From left: Sylvia Pate, Chancellor Meadors, Morris Bullock and Len Holmes
A biotechnology fermentation project at The University of North Carolina at Pembroke received a key vote of support from the Robeson County Committee of 100.
"This is a different kind of "spec" building for us," said Committee of 100 Chair Morris Bullock who delivered a check for $15,000 to the university on Wednesday. "This project holds promise to do good things for the region's economy and to train our young people."
The project will construct a facility to manufacture valuable molecular products from living cells. It will also produce valuable research, training and attract the growing biotechnology industry to the region.
The Committee of 100 is dedicated to stimulating the local economy primarily by constructing shell buildings to attract industry. The $15,000 will go for a marketing and development study for the project, which will be located at the Carolina Commerce and Technology Center (COMtech.), a developing site for technology-focused business, industry, education, training and business incubation facilities.
"There is momentum building at COMtech. and at the university," Mr. Bullock said. "We are very, very impressed with the expertise the university possesses in science and its ability to market it."
"This is a rare opportunity to put a feather in our cap for the development of this county," he said.
Chancellor Allen C. Meadors thanked the university's new partners. "We want to be an engine of growth in this region, and our biotechnology project speaks to that goal," Chancellor Meadors said. "However good we are, we will always need partners to be successful. We're very pleased to receive this kind of endorsement and assistance from the Committee of 100."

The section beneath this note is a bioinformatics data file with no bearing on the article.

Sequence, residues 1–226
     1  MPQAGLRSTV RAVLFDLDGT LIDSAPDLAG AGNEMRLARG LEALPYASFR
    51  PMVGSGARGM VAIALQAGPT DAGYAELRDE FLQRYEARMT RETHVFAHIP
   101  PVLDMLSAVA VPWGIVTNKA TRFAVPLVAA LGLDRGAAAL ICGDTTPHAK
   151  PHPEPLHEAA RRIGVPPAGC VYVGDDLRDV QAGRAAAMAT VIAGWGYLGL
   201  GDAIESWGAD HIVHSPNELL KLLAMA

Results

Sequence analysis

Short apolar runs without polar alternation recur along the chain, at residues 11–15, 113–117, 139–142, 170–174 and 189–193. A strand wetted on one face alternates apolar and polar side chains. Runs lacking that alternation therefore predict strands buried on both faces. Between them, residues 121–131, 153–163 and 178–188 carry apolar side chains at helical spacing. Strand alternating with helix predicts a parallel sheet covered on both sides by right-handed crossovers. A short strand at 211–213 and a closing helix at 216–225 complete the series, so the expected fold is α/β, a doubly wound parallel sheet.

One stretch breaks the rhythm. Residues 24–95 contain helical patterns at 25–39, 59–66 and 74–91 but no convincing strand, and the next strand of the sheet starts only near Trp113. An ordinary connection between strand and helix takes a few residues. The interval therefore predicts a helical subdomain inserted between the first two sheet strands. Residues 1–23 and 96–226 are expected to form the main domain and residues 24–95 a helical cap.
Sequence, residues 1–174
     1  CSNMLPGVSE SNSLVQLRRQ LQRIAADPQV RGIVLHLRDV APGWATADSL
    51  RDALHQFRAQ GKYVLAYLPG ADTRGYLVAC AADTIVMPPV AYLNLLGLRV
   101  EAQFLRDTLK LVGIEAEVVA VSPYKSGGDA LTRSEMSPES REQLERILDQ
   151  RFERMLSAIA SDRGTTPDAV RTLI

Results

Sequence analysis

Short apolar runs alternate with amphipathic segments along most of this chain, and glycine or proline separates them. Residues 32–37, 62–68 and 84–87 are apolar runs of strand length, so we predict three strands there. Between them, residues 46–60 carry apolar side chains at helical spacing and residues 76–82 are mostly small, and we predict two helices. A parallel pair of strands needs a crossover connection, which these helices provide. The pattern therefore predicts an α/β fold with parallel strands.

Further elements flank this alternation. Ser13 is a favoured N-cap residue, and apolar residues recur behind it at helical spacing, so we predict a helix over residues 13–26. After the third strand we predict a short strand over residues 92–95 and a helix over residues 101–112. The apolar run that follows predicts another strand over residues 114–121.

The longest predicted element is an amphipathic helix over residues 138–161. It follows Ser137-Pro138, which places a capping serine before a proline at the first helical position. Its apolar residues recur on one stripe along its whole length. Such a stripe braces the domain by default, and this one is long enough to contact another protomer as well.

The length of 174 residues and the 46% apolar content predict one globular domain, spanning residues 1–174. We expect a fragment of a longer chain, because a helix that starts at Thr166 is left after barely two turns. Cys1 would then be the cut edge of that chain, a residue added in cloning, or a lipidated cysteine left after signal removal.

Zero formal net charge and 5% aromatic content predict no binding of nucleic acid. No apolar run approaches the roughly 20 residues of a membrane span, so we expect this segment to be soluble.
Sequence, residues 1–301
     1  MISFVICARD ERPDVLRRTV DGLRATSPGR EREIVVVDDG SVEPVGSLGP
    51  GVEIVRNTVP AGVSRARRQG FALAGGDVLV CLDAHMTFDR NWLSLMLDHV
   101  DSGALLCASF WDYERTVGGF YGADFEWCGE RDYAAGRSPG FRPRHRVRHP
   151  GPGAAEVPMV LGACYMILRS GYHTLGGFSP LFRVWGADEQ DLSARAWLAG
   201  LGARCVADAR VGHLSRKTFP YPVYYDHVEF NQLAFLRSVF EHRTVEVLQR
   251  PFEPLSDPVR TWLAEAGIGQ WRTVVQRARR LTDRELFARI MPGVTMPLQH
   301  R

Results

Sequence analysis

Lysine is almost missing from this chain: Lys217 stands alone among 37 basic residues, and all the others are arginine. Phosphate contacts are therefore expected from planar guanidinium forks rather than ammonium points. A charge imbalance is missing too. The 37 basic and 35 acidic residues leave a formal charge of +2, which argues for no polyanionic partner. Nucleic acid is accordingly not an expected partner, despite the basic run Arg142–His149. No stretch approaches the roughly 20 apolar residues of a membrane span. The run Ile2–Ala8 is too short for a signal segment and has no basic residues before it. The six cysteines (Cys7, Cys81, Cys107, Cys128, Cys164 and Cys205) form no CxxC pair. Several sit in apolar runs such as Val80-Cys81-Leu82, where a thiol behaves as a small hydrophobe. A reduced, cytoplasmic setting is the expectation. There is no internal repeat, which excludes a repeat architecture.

The project would construct a $1 million facility on 12 acres that the university owns at COMtech, said Dr. Len Holmes, chemistry professor and project director.
"This $15,000 investment can be parlayed into a tremendous return," Dr. Holmes said. "The biotechnology industry hold great promise for the future, and North Carolina is already a world leader in research, development and manufacturing thanks to forward-thinking leadership."
"We can be leaders in attracting biotechnology manufacturers, but only if we act now and act together," he said.
The university's Office of Sponsored Research and Programs and the Regional Center for Economic, Community and Professional Development are working on about $4 million in grants from public and private sources for this project, said Regional Center Director Sylvia Pate.
"The biotechnology industry is going to happen in Southeastern North Carolina," Ms. Pate said. "The question is who will get there first. And, why not Robeson County?"